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Opportunity knocks in global small caps

There are compelling reasons for Australian investors to make a modest allocation to global small capitalisation (cap) equities as a complement to large caps in a diversified portfolio.

As the aggregate pool of assets in Australian superannuation grows through mandatory contributions, investors have to consider moving greater exposure outside Australia. This has been led mostly through global large cap or global all cap investment strategies. However, a dedicated allocation to global small caps is an opportunity due to persistent excess returns evident over the last 10 to 15 years.

The size of the global small cap universe depends on the range of definitions reflected in the cut-offs used for maximum company size in various listed market indices. These range from US$2 billion up to US$5 billion.

For developed countries, a commonly-used index is the MSCI World Small Cap Index ex Aus (‘MSCI WSC’) which at A$6.4 trillion represents about 13% of the total listed global equities market of A$49.3 trillion. For MSCI WSC, there are currently 4,191 stocks in the index which indicates the vast number of possible investments.

The complementary developed countries large cap index is the MSCI World Large Cap Index (‘MSCI WLC’) which accounts for 84% of the total universe. In this index, there are currently only 1,581 stocks listed.

Global small caps add diversity

It is useful to compare sector and regional weightings to show how global small caps add diversity to investor portfolios:

  1. Global small caps (MSCI WSC) currently have proportionally larger weights in industrials, financials, materials and consumer discretionary. The large caps (MSCI WLC) have major weights in consumer staples, energy, healthcare and telecom services.
  2. MSCI WSC, compared to large caps, currently have proportionally larger weight in Japan and Pacific ex Japan and less in the US and Europe.
  3. Comparing MSCI WSC with the sector weightings in Australia’s small ordinaries index shows Australia proportionally has over-weightings in materials, consumer discretionary and to a lesser extent telecoms.

Over the last 15 years, compared to other to other asset classes (in AUD terms), global small caps have been less volatile and generated better returns than Australian small caps and global emerging markets equities (in particular). As shown below, over time, global small caps have outperformed global large caps, particularly as the global equities bull market commenced after the global financial crisis in March 2009. However, there was a period of significant underperformance during the tech boom period of 1999-2000.

The graph also shows the currency impact for global small caps (includes both AUD and USD terms).? The fall in the Australian dollar over the last few years significantly boosted USD returns which was the reverse of the 1998-2002 period.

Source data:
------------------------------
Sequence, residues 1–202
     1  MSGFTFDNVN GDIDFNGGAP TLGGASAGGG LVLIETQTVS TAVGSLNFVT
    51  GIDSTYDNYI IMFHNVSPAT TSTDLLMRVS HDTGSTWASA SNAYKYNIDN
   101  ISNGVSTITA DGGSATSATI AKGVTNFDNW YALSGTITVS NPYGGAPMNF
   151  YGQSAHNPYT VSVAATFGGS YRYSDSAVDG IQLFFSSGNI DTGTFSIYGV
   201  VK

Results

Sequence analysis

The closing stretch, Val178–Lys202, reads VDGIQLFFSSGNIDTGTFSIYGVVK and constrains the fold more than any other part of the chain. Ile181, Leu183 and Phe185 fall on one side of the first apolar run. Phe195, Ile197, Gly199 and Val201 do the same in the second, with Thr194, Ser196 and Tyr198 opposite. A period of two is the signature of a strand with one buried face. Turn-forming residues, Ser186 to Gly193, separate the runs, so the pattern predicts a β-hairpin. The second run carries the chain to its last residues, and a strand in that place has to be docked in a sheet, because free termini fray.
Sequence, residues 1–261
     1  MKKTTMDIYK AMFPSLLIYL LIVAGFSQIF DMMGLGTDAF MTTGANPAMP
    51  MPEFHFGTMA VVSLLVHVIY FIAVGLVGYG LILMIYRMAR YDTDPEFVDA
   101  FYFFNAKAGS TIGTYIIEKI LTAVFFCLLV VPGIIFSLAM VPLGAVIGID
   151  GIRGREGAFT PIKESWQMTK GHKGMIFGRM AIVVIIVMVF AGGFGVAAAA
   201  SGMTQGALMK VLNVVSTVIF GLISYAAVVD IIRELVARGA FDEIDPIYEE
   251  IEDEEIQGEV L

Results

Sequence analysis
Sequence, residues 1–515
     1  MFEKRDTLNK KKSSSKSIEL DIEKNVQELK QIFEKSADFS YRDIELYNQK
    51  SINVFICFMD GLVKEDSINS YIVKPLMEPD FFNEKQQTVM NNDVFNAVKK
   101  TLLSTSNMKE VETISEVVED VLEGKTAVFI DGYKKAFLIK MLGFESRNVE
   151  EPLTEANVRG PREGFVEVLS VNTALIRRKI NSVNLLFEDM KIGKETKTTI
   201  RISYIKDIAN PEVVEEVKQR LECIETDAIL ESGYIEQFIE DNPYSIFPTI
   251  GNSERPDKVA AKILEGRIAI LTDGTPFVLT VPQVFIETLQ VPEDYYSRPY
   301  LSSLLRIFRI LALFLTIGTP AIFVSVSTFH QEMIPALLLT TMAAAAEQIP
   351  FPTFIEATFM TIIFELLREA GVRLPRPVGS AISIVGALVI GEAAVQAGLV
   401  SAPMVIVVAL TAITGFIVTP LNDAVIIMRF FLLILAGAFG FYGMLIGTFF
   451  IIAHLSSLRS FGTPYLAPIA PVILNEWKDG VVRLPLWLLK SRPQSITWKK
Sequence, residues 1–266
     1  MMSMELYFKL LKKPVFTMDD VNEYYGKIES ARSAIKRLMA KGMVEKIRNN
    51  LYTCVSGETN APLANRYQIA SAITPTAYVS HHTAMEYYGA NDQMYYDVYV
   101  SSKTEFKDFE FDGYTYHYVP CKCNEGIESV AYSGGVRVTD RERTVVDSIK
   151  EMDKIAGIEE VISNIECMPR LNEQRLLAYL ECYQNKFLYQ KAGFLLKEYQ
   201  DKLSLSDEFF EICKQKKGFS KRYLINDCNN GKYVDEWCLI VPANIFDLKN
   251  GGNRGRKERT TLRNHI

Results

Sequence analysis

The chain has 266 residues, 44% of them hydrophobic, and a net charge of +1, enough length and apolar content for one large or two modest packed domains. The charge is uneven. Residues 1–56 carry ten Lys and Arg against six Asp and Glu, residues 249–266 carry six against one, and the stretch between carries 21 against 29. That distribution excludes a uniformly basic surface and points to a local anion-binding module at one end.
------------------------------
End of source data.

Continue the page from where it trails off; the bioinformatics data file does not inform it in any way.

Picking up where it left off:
As would be expected, global small-caps tend to be less liquid and more peripheral in investor portfolios (that is, have a higher ‘beta’) and are more volatile in both up and down markets. Australian small caps (the orange line on the chart) have a different volatility pattern, reflecting the boom-bust commodity cycle.

Allocations to small caps

Based on assumptions and modeling work, we estimated a range of efficient portfolios allowing the strategic weightings to global and Australian small caps to maximise at 5%. The chart below shows the combination of optimal portfolios for expected return with the asset class weighting on the left axis. Asset classes are shown in various colours.

The illustration below shows that for virtually all expected return projections, it is warranted to hold a 5% weighting in global small caps (shown in pink). Australian small caps (shown in red) start to appear in the model simulation around 6% and grow to the 5% maximum at 7% expected return. If account is made for Australian dividend imputation then the optimal weighting would be lower, say at 3%.

Click to enlarge

Case for active management

As the MSCI WSC index currently includes 4,191 stocks, it is not highly concentrated, and active fund managers can construct well-diversified portfolios with high active share.

Analysis of global small cap manager returns (using a large USD data set) shows that managers that are in the 25th percentile and above (according to eVestment data covering the last 10 years to 31/12/2015) are consistently able to generate alpha (excess returns) of around 3% plus which is well above the median. The last three years have been particularly good for active fund managers with the higher performers generating excess returns between 3% and 9%.

There is a wide dispersion in manager returns over all time periods. This supports the view that managers need to actively manage their risks across a range of dimensions, particularly liquidity, unintended sector and macro positions, stock quality and currency.

Overall, there are sound reasons, supported by comparative market, asset class optimisation and manager return analysis, to maintain a significant strategic weighting in global small caps - up to 5% - in a well-diversified Australian balanced portfolio.


Nigel Douglas is Chief Executive Officer of Douglas Funds Consulting Pty Ltd, drawing on statistical analysis by asset allocation specialist research firm Heuristic Investment Systems and Eaton Vance Management (International) (EVMI). This article is general information and does not address the circumstances of any individual.


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